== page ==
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Discussion Starter · #1 ·
Hi! I am new to the hobby and planning to get 2 dart frogs next month* for my 24x18x18 vivarium. I am hoping for a same-sex pair, as I don't especially want the frogs to breed while I am still such a beginner. I do recognize that the frogs' age will likely present issues with sexing so I may end up with a different-sex pair. In light of this, I'd love to get your input on bromeliads.

I have had the vivarium generally set up for about 8 weeks now, gradually filling it out with plants. I have noticed that a lot of dart frog vivariums seem to have bromeliads. My understanding is that these plants are popular due to their ability to encourage breeding, so I have not been planning to add any to the viv so as not to encourage breeding. I have been mindful of ensuring adequate climbing and hiding space as well, which I understand is another common function of the bromeliad.

However, since I am new to this, I wanted to check in with people who are more experienced to make sure that a vivarium without bromeliads will not be somehow detrimental to the frogs in a way that I have not considered.

Thank you so much for your help :) I really want to do this right.

*At a trade show, to avoid shipping during the summer heat
 

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E. Anthonyii Santa Isabels
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My darts (e. Anthonyi) definitely bred in a bromeliad…but they also laid eggs in the leaf litter. Whether the brom was there or not was not a determining factor. It did give them a place to drop/hide some tads that I had to remove later. At the same time, my same sex tanks, most of my frogs still use the broms plenty… But I have a smaller species, so broms are perfect for them to sleep and hang out in. Non-breeding usage.
 

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Thank you! Are there other reasons to avoid bromeliads?
Only if it's a thorny specimen since you're having larger frogs. My azureus used to enjoy climbing in the broms. The same with my auratus. None of my larger tincs (Suriname cobalt and giant orange) used them much at all.

If you don't provide a deposition site for tadpoles than any produced will just die.

You could spend a little more to get same sex frogs but tincs do best in male/female pairs.

Also, I can't recommend getting frogs at a show. The exception is if you research the breeders going to the show beforehand. Or even better, communicate with them and have the frogs you want waiting at the show for you. Either way, you should make sure you know the source of your frogs. Otherwise you really have no clue who the person is or the health of those frogs. You're just flipping a coin and hoping you're getting good frogs.
 

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Frogs
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Unless they have thorns then no
Thorns don't mather at all..

@BeanBoyTurn

Tinctorius can be oppurtunistic and will use (larger) bromeliad leaves to lay eggs on since those leaves have a nice and flat surface + high moisture level. But that's it.. Aside from the plants beeing a potential sleep or hiding place, they won't be any different from other plants to the frogs.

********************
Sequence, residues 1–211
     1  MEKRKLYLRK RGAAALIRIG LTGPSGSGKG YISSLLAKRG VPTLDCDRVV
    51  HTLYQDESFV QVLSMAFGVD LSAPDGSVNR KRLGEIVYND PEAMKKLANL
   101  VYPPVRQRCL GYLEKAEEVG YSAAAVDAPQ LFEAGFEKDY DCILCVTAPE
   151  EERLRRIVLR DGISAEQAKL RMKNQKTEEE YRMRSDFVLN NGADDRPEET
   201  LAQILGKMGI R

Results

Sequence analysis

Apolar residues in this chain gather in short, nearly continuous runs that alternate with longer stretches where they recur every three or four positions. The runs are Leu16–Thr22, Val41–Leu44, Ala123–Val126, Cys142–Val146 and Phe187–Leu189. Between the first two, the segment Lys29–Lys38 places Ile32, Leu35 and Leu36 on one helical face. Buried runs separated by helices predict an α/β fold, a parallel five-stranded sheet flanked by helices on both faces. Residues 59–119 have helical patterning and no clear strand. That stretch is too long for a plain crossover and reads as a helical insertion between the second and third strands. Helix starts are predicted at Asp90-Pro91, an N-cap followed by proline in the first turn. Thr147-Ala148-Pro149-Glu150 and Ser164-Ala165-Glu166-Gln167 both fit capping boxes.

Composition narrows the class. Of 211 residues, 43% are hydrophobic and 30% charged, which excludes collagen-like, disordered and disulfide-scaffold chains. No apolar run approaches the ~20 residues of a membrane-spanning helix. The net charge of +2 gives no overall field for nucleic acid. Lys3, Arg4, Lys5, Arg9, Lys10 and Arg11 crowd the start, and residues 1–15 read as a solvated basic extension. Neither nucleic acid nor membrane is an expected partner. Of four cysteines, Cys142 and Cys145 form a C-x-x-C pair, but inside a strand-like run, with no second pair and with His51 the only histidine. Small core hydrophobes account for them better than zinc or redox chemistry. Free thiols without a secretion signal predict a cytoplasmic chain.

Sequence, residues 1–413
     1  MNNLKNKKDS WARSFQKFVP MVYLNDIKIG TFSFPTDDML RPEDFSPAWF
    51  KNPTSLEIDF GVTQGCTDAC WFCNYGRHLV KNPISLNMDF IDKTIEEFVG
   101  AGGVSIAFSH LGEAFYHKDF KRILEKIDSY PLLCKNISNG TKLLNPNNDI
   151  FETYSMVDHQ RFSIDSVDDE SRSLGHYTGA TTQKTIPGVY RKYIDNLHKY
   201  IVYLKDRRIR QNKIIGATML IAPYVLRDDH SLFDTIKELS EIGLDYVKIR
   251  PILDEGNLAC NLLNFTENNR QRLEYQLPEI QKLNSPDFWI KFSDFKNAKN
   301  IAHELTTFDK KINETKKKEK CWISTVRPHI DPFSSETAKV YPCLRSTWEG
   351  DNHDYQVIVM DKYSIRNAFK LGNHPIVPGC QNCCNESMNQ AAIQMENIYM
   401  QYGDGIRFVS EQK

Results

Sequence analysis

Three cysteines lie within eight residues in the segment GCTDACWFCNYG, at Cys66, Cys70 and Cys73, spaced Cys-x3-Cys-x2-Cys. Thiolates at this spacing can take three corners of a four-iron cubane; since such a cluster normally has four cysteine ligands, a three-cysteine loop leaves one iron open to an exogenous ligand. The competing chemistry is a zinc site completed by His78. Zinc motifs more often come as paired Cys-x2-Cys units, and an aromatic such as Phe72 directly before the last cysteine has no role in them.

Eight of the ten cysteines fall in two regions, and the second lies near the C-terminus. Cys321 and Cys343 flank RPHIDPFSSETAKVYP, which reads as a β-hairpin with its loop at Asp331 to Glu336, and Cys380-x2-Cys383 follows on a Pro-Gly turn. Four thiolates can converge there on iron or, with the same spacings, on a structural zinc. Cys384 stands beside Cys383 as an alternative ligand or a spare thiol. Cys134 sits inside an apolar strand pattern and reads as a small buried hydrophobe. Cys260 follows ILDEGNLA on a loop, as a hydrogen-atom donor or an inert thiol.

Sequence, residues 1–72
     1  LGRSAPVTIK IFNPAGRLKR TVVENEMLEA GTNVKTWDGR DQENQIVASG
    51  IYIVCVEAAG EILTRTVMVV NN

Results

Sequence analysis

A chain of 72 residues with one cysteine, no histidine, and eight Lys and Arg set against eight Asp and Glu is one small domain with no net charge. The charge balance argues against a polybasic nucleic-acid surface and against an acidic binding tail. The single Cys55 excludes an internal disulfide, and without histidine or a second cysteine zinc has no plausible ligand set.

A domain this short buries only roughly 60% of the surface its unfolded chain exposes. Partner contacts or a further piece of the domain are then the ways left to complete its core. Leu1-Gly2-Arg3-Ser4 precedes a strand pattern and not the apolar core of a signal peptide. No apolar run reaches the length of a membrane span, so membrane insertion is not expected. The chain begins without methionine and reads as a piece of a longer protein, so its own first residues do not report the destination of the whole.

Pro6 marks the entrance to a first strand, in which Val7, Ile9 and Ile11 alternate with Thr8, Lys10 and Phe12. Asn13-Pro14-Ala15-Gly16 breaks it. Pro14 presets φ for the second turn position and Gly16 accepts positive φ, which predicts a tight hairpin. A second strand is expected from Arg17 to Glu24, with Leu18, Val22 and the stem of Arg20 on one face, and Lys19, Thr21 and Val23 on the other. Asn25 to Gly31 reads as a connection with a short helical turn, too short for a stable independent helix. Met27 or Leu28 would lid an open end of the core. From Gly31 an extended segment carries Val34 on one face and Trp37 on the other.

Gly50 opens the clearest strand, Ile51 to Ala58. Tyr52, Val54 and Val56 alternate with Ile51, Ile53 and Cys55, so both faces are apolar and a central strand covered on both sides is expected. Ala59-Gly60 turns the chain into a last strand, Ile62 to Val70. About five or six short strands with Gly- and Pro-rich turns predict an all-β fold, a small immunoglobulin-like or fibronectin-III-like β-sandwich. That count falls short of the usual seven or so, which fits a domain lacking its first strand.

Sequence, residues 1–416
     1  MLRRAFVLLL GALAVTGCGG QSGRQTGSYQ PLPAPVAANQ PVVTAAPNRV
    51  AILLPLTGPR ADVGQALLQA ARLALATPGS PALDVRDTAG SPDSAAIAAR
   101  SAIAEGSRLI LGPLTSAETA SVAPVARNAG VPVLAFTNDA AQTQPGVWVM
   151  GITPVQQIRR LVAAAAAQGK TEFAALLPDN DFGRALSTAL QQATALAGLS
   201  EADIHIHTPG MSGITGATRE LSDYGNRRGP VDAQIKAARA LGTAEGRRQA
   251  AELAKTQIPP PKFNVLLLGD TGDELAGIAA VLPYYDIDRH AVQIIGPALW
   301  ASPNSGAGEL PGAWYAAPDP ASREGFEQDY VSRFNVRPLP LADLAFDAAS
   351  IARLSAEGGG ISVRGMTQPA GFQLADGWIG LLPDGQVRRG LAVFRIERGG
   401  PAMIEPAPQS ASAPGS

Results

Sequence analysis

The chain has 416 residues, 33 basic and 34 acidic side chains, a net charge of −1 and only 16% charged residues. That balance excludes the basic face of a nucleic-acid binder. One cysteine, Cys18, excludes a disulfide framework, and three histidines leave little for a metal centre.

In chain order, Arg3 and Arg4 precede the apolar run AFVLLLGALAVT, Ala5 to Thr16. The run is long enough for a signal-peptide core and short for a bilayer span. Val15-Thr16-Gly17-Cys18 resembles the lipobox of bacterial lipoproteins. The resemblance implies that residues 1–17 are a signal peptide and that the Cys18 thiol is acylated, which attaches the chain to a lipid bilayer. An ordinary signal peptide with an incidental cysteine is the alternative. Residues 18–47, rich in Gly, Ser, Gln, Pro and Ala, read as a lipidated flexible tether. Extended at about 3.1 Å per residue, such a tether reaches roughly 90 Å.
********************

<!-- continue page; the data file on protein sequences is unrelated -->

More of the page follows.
I think you might be misinformed or confusing (as often most people are, even 'experienced' keepers) in all frogs beëing 'Oophaga'..

So , I want to inform you that most dart frogs don't egg feed their tadpoles in the axils of bromeliads! Only the Oophaga genus and certain members of the Ranitomeya aply this eggfeeding parenting behavior.

This seems to be often what people are confused about and think all dartfrogs need bromeliads, which is simoly not the case.
 

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Discussion Starter · #12 ·
Only if it's a thorny specimen since you're having larger frogs. My azureus used to enjoy climbing in the broms. The same with my auratus. None of my larger tincs (Suriname cobalt and giant orange) used them much at all.

If you don't provide a deposition site for tadpoles than any produced will just die.

You could spend a little more to get same sex frogs but tincs do best in male/female pairs.

Also, I can't recommend getting frogs at a show. The exception is if you research the breeders going to the show beforehand. Or even better, communicate with them and have the frogs you want waiting at the show for you. Either way, you should make sure you know the source of your frogs. Otherwise you really have no clue who the person is or the health of those frogs. You're just flipping a coin and hoping you're getting good frogs.

Thank you. The show I am going to is the Reptile Super Show in Anaheim, CA. They have Josh's Frogs listed as a vendor, and I was planning to purchase from them. Unfortunately I missed the preorder window for the show by about 30 minutes.
 

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Discussion Starter · #13 ·
Thorns don't mather at all..

@BeanBoyTurn

Tinctorius can be oppurtunistic and will use (larger) bromeliad leaves to lay eggs on since those leaves have a nice and flat surface + high moisture level. But that's it.. Aside from the plants beeing a potential sleep or hiding place, they won't be any different from other plants to the frogs.

I think you might be misinformed or confusing (as often most people are, even 'experienced' keepers) in all frogs beëing 'Oophaga'..

So , I want to inform you that most dart frogs don't egg feed their tadpoles in the axils of bromeliads! Only the Oophaga genus and certain members of the Ranitomeya aply this eggfeeding parenting behavior.

This seems to be often what people are confused about and think all dartfrogs need bromeliads, which is simoly not the case.
Thank you! This is very helpful information.
 
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